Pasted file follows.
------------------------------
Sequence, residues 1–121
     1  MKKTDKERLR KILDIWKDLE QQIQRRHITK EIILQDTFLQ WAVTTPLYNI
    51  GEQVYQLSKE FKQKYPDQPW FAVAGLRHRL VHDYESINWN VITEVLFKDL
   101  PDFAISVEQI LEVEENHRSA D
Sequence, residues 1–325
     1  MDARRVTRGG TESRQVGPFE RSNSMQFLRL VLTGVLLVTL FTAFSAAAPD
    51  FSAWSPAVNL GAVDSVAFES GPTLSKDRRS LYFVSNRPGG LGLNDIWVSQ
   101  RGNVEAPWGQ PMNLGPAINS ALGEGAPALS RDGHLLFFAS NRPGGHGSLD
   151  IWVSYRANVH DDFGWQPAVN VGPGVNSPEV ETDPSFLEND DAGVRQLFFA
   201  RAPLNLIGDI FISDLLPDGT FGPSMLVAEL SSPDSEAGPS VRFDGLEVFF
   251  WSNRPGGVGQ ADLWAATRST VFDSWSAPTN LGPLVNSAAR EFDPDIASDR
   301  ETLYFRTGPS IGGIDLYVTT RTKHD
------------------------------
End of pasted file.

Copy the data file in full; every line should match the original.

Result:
Sequence, residues 1–121
     1  MKKTDKERLR KILDIWKDLE QQIQRRHITK EIILQDTFLQ WAVTTPLYNI
    51  GEQVYQLSKE FKQKYPDQPW FAVAGLRHRL VHDYESINWN VITEVLFKDL
   101  PDFAISVEQI LEVEENHRSA D
Sequence, residues 1–325
     1  MDARRVTRGG TESRQVGPFE RSNSMQFLRL VLTGVLLVTL FTAFSAAAPD
    51  FSAWSPAVNL GAVDSVAFES GPTLSKDRRS LYFVSNRPGG LGLNDIWVSQ
   101  RGNVEAPWGQ PMNLGPAINS ALGEGAPALS RDGHLLFFAS NRPGGHGSLD
   151  IWVSYRANVH DDFGWQPAVN VGPGVNSPEV ETDPSFLEND DAGVRQLFFA
   201  RAPLNLIGDI FISDLLPDGT FGPSMLVAEL SSPDSEAGPS VRFDGLEVFF
   251  WSNRPGGVGQ ADLWAATRST VFDSWSAPTN LGPLVNSAAR EFDPDIASDR
   301  ETLYFRTGPS IGGIDLYVTT RTKHD